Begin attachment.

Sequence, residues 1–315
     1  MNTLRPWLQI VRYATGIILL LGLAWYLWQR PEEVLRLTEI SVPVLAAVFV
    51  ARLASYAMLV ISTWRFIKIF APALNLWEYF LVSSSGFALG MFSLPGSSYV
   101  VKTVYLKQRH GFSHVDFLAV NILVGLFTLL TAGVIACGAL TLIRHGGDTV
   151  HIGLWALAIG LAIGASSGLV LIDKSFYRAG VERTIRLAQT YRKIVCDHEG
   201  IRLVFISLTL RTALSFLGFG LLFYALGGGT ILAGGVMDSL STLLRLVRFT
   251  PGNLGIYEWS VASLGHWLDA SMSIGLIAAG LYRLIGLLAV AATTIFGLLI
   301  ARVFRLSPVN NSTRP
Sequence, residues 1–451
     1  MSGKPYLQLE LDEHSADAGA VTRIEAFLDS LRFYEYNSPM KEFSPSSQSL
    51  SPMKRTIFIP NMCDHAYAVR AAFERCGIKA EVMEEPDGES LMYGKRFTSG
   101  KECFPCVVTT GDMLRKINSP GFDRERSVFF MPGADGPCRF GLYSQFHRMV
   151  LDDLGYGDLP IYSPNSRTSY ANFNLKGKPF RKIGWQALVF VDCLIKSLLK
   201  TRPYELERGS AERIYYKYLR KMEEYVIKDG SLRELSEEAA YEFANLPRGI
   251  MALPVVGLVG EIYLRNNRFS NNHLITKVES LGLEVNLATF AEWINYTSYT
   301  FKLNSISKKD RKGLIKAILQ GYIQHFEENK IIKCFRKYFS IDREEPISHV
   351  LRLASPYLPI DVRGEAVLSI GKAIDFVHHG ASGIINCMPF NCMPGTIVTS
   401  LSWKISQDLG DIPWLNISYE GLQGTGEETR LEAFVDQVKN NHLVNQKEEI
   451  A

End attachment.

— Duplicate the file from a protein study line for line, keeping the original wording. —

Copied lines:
Sequence, residues 1–315
     1  MNTLRPWLQI VRYATGIILL LGLAWYLWQR PEEVLRLTEI SVPVLAAVFV
    51  ARLASYAMLV ISTWRFIKIF APALNLWEYF LVSSSGFALG MFSLPGSSYV
   101  VKTVYLKQRH GFSHVDFLAV NILVGLFTLL TAGVIACGAL TLIRHGGDTV
   151  HIGLWALAIG LAIGASSGLV LIDKSFYRAG VERTIRLAQT YRKIVCDHEG
   201  IRLVFISLTL RTALSFLGFG LLFYALGGGT ILAGGVMDSL STLLRLVRFT
   251  PGNLGIYEWS VASLGHWLDA SMSIGLIAAG LYRLIGLLAV AATTIFGLLI
   301  ARVFRLSPVN NSTRP
Sequence, residues 1–451
     1  MSGKPYLQLE LDEHSADAGA VTRIEAFLDS LRFYEYNSPM KEFSPSSQSL
    51  SPMKRTIFIP NMCDHAYAVR AAFERCGIKA EVMEEPDGES LMYGKRFTSG
   101  KECFPCVVTT GDMLRKINSP GFDRERSVFF MPGADGPCRF GLYSQFHRMV
   151  LDDLGYGDLP IYSPNSRTSY ANFNLKGKPF RKIGWQALVF VDCLIKSLLK
   201  TRPYELERGS AERIYYKYLR KMEEYVIKDG SLRELSEEAA YEFANLPRGI
   251  MALPVVGLVG EIYLRNNRFS NNHLITKVES LGLEVNLATF AEWINYTSYT
   301  FKLNSISKKD RKGLIKAILQ GYIQHFEENK IIKCFRKYFS IDREEPISHV
   351  LRLASPYLPI DVRGEAVLSI GKAIDFVHHG ASGIINCMPF NCMPGTIVTS
   401  LSWKISQDLG DIPWLNISYE GLQGTGEETR LEAFVDQVKN NHLVNQKEEI
   451  A